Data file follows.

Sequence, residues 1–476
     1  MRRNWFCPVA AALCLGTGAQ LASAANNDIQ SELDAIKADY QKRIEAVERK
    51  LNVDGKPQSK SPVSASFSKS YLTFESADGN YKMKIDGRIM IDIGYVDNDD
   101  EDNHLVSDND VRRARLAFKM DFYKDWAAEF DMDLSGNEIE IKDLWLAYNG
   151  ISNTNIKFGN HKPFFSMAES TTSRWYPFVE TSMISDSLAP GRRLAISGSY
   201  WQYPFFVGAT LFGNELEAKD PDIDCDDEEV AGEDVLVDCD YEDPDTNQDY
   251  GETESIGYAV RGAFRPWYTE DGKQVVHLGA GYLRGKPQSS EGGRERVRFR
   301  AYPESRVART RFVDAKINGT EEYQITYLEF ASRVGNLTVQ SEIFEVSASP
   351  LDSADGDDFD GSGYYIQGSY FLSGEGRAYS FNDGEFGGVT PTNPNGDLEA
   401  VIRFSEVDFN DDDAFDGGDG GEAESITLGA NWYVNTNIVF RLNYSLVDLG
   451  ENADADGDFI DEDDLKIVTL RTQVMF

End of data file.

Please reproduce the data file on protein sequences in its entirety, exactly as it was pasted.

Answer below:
Sequence, residues 1–476
     1  MRRNWFCPVA AALCLGTGAQ LASAANNDIQ SELDAIKADY QKRIEAVERK
    51  LNVDGKPQSK SPVSASFSKS YLTFESADGN YKMKIDGRIM IDIGYVDNDD
   101  EDNHLVSDND VRRARLAFKM DFYKDWAAEF DMDLSGNEIE IKDLWLAYNG
   151  ISNTNIKFGN HKPFFSMAES TTSRWYPFVE TSMISDSLAP GRRLAISGSY
   201  WQYPFFVGAT LFGNELEAKD PDIDCDDEEV AGEDVLVDCD YEDPDTNQDY
   251  GETESIGYAV RGAFRPWYTE DGKQVVHLGA GYLRGKPQSS EGGRERVRFR
   301  AYPESRVART RFVDAKINGT EEYQITYLEF ASRVGNLTVQ SEIFEVSASP
   351  LDSADGDDFD GSGYYIQGSY FLSGEGRAYS FNDGEFGGVT PTNPNGDLEA
   401  VIRFSEVDFN DDDAFDGGDG GEAESITLGA NWYVNTNIVF RLNYSLVDLG
   451  ENADADGDFI DEDDLKIVTL RTQVMF